Hey there, time traveller! This article was published 6/1/2014 (2839 days ago), so information in it may no longer be current.
A controversial project for a 24-storey apartment tower on Waterfront Drive that cleared a hurdle at city hall Monday could trigger more development in the East Exchange.
Developer Peter Anadranistakis said he also plans to build a six- or seven-storey parkade, with 540 to 630 stalls, stretching from the rear of the apartment tower on Waterfront Drive, across Amy Street to Lily Street and the rear of the Warehouse Theatre.
Anadranistakis said if he can find tenants, the parkade would be ringed with retail and commercial shops along James Avenue.
"We're talking about a big, big, big parkade that ties into the back of the James Avenue Pumping Station, crosses Amy and all the way to Lily," he said, adding it would be connected underground to the concert hall.
He said city officials suggested ringing the parkade with tenants to give the structure a more pleasant street-level appearance.
'This is a huge monstrosity. This building does not fit at all with the vision and the energy, culture and community of the area'
"I said that's a great idea but I've got to get somebody to rent the shops."
Anadranistakis was in a more talkative mood after a civic committee endorsed his $70-million Exchange Tower project, dismissing concerns from residents of Waterfront Drive that the apartment tower is too big for the low-rise neighbourhood.
More than 40 residents -- all opposed to the tower -- were at the meeting, forcing the hearing to relocate from a small committee room to the larger council chambers.
The downtown development committee was presented with a petition bearing 400 signatures, from residents along Waterfront Drive and elsewhere, opposed to the tower project.
The civic planning department had approved the project, giving it a variance -- a series of exemptions -- from the zoning bylaw, which restricts building height to eight storeys and requires structures to be built close to the sidewalk.
The tower project violates both of those conditions, which residents pointed out repeatedly during the public hearing.
Residents said it would be inappropriate to stick a 24-storey tower in the middle of a low-rise neighbourhood: It would alter the look and feel of the street; cast permanent shadows on surrounding buildings; would set a precedent for further highrise construction.
Jenna McMahon said she bought a condo on Waterfront Drive because she believes it is an exquisite neighbourhood but said the tower doesn't belong there.
"This is a huge monstrosity," McMahon said. "This building does not fit at all with the vision and the energy, culture and community of the area."
The committee members unanimously supported the tower project.
Coun. Jenny Gerbasi (Fort Rouge-East Fort Garry) said she understands the residents' concerns but added she's satisfied the project will have a "relatively minimal impact," on the neighbourhood.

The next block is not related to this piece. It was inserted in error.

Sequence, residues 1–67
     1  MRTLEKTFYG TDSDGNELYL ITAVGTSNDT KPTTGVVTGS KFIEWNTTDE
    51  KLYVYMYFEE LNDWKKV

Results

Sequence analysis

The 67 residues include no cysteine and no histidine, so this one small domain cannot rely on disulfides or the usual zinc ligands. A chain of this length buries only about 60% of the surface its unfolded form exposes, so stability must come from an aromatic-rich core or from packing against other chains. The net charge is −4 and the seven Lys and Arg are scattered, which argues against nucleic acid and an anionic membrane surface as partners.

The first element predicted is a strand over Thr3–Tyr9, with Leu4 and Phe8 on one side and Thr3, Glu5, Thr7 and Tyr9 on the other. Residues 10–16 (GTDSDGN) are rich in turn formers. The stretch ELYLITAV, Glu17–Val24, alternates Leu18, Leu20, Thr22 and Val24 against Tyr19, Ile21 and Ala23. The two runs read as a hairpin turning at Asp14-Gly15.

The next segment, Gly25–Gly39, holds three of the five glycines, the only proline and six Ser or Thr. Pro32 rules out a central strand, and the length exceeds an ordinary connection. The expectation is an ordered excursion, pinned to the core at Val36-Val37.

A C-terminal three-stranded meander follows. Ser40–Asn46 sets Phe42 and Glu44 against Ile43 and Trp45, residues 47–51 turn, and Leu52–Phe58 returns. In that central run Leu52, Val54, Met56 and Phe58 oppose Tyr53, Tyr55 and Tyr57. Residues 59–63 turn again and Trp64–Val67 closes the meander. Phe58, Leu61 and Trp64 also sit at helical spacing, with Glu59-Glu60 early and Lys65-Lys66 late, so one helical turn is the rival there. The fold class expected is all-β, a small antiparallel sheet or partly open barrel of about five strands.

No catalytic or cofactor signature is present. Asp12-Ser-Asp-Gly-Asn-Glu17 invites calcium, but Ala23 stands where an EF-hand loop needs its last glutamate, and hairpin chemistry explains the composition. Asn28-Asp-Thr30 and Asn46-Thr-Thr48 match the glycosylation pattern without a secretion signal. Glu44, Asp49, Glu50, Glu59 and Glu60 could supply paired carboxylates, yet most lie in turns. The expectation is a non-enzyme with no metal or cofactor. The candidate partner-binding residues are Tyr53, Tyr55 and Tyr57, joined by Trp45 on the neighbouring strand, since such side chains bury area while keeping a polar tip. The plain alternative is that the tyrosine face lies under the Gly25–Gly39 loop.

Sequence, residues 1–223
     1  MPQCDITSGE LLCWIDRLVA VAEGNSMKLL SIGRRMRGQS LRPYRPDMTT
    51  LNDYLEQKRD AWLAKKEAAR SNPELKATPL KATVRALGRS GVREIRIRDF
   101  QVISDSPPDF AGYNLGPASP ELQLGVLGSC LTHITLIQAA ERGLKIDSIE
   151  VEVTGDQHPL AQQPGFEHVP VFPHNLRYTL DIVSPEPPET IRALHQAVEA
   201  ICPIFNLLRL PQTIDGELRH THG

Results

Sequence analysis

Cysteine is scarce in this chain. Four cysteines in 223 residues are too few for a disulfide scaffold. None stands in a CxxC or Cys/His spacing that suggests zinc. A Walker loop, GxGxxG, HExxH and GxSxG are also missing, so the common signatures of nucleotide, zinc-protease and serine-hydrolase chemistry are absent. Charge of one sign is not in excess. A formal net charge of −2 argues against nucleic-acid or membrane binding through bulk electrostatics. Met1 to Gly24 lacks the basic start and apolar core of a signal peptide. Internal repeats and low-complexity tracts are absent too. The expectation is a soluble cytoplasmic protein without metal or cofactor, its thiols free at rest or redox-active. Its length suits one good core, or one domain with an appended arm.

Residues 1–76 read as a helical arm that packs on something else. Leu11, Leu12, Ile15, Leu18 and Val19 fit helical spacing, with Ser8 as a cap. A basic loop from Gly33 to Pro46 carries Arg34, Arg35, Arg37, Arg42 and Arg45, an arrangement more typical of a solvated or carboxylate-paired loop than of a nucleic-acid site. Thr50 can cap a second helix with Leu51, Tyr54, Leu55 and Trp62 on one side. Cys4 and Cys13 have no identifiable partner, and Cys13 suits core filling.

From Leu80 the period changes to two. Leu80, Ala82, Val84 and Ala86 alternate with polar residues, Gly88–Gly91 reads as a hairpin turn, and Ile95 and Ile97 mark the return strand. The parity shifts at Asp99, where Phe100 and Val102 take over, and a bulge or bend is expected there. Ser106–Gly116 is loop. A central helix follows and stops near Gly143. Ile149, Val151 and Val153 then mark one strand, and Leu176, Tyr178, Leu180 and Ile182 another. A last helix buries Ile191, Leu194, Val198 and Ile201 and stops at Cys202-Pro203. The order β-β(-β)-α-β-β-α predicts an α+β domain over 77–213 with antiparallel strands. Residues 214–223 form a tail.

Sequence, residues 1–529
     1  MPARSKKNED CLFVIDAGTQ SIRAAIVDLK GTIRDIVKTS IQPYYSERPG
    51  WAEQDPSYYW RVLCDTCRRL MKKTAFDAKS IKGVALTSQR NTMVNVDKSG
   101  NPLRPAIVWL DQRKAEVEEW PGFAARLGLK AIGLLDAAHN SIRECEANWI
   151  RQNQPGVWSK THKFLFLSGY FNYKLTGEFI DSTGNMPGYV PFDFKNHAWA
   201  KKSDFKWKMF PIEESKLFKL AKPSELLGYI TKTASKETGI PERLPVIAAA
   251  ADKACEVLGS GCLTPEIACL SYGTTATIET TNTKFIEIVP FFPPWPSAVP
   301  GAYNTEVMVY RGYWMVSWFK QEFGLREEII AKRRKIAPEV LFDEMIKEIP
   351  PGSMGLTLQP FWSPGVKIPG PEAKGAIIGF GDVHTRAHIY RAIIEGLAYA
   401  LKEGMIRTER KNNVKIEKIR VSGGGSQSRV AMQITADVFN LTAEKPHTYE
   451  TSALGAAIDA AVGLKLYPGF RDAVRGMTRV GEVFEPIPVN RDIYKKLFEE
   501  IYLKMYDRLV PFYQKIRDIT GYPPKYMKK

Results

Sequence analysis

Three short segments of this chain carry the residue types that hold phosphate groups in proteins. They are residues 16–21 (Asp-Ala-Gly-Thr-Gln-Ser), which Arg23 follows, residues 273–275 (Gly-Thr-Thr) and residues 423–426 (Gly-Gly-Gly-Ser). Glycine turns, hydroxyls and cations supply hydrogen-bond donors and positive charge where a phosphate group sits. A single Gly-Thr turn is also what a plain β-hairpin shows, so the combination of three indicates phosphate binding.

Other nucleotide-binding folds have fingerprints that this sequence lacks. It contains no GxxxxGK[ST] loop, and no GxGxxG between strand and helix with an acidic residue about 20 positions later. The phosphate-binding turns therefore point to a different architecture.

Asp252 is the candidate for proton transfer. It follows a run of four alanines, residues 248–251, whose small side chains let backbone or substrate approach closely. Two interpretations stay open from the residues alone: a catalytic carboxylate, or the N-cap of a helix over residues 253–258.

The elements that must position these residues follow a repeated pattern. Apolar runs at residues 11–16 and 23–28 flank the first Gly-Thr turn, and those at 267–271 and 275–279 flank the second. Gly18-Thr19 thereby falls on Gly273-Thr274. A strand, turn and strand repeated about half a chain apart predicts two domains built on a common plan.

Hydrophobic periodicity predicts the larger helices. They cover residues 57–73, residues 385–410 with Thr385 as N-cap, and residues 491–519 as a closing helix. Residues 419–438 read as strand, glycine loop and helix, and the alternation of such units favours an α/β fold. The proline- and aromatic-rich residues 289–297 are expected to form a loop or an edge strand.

"When you add up the positives, it's not too difficult to support this," Gerbasi said.
The tower will be built on the corner of Waterfront Drive and James Avenue, literally on top of the city-owned pumping station, built in 1906 and decommissioned in 1986.
The city has been unable to find a buyer for the James Avenue property, which was built to deliver water under high pressure for fire protection for much of downtown.
Anadranistakis and architect Sotirios Kotoulas said their project would preserve the street facade of the pumping station and its pristine mechanical works, which include six massive engines.
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The roof would be raised and the tower built atop 18 caissons drilled into the floor.
Kotoulas said the mechanical works would not be touched and the former engine room would be converted into a community meeting space that would likely include a café or restaurant.
Kotoulas downplayed residents' concerns over the effect the tower would have on the building. He said he carried out 150 shadow studies and found the tower would not cast a shadow on buildings in the national historic site or Stephen Juba park.
"We're proposing a beautiful public space and a public amenity for the neighbourhood... an indoor winter garden," Kotoulas later told reporters. "The machines and pumps will be retained."
Anadranistakis said restaurant owner Noel Bernier -- Hermanos, Prairie 360 -- has agreed to operate a small grocery store on-site.
On five conditions...
THE downtown development committee approved a variance order with five conditions:
The building's final design must be approved by the historical building committee.
The project must be completed within two years.
All existing pumps within the original building must be incorporated into the project.
All mechanical pumps must be accessible to visitors.
All final designs must be approved by the downtown development committee.